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Summary Chapter 9



Mrs. Joe is very curious about Miss Havisham and asks Pip a lot of questions. She starts hitting Pip when he doesn’t answer them satisfactorily.

Pip often feels misunderstood and doesn’t believe his observations of Miss Havisham would be acceptable. He also feels a desire to protect Miss Havisham and Estella from the vulgar curiosity of their inferiors. Therefore, he says little and suffers getting smacked around for it.

Uncle Pumblechook also questions Pip, who becomes even more reticent. Pumblechook tries to establish a rapport by asking more math problems. Pip obstinately gives the wrong answers, getting boxed behind the ears by his sister for it.

Pip finally lies about what happened at Miss Havisham’s, particularly as he realizes that Mr. Pumblechook has never seen her. He describes having tea on gold plates and being surrounded by lavish things.

Uncle Pumblechook believes Pip. He says he only speaks to Miss Havisham through a door but has never laid eyes on her. Pip adds a few things that are true, like the house being lit with candles rather than day, which makes his lies more believable. He is in danger of betraying himself, but his sister and Uncle Pumblechook are satisfied and question him no further.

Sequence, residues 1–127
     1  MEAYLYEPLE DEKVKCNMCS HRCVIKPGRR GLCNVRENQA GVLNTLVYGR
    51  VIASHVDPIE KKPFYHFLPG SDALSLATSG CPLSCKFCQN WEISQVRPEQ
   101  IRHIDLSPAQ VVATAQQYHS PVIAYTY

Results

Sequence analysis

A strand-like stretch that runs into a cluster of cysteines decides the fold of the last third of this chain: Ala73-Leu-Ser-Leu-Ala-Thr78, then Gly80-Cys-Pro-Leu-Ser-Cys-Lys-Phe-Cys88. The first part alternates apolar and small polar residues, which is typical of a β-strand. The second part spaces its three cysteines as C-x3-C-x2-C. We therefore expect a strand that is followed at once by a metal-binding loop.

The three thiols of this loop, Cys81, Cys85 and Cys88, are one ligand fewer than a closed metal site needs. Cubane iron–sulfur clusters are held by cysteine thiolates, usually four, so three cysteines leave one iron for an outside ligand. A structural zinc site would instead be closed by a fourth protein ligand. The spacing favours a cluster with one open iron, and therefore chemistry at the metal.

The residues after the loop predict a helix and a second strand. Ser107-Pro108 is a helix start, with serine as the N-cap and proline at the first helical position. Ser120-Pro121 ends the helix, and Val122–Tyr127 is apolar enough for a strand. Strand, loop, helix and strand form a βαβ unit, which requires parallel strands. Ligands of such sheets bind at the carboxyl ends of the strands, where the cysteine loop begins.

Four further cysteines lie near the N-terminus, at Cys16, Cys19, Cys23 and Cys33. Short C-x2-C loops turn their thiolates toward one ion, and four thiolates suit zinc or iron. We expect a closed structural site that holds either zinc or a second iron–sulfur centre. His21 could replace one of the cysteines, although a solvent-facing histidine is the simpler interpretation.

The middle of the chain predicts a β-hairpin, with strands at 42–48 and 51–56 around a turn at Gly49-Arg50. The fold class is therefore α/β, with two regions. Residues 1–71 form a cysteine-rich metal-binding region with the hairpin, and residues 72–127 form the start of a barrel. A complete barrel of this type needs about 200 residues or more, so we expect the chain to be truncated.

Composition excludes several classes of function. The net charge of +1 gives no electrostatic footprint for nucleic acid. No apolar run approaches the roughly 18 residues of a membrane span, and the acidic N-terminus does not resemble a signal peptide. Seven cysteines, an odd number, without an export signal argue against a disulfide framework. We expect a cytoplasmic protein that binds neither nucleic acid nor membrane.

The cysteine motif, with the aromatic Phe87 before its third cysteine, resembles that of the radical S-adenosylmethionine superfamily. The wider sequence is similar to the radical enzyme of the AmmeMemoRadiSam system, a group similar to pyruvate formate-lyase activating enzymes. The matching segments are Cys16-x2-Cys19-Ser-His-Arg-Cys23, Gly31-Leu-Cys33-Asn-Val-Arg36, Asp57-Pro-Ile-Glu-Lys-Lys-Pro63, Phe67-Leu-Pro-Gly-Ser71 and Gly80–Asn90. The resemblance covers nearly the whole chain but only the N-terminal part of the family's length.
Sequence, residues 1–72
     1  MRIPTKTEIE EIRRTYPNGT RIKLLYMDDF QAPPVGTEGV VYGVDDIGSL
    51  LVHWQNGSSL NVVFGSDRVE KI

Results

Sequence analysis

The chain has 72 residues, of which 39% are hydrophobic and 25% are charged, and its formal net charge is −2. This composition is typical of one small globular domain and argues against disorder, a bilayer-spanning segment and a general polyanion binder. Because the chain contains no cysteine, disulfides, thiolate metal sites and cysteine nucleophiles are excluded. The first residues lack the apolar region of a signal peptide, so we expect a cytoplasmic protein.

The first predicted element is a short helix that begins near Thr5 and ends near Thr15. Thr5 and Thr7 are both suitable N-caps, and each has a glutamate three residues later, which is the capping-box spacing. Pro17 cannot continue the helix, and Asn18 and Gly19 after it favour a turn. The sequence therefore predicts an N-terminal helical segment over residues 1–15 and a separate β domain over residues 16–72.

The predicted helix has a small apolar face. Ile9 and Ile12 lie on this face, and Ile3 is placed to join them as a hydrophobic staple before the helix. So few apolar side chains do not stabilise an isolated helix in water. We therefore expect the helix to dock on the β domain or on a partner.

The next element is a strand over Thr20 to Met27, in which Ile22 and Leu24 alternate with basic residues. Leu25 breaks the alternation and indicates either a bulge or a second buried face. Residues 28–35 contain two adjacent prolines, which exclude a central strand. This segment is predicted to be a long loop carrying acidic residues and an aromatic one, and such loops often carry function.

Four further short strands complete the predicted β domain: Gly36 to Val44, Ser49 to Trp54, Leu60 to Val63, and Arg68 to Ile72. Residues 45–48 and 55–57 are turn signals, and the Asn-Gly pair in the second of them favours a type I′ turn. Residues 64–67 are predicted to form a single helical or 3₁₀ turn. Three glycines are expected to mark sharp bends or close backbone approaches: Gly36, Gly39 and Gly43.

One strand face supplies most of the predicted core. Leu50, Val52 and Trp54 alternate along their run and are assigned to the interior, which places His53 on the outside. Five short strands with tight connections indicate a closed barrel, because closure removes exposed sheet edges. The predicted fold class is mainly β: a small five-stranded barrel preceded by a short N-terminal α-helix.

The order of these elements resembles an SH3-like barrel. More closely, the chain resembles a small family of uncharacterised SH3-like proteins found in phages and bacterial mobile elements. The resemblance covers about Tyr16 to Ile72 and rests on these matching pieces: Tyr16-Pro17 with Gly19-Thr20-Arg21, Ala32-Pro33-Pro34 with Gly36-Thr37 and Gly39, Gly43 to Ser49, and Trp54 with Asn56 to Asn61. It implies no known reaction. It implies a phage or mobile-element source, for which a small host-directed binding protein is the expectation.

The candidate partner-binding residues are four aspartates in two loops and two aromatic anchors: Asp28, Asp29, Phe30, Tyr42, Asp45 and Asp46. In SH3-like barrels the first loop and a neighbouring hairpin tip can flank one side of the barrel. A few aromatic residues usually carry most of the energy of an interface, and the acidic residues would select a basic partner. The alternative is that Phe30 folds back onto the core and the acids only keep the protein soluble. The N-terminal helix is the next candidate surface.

Uncle Pumblechook and Mrs. Joe have grand hopes that Miss Havisham will help Pip’s future in some way. Joe only thinks it is possible that she’ll give Pip a token gift, which angers his wife.

Pip admits to Joe later that he lied about everything. He can’t stand lying to Joe. Pip tells Joe how he felt cornered by Uncle Pumblechook and Mrs. Joe. He tells Joe about how Estella thinks he is common and how bad that makes him feel.

Joe tells Pip that he shouldn’t tell lies. It isn’t a good way to alter his situation. He tells Pip that everyone has a common start before they make something of themselves. A king learns the alphabet just the same as a commoner does. Joe warns Pip that it is a bad idea to start lying and becoming crooked to alter his situation. It is better to be honest and live a good life.

This day is memorable for Pip, for that is the day that he decides to make changes in his life. 

Charles Dickens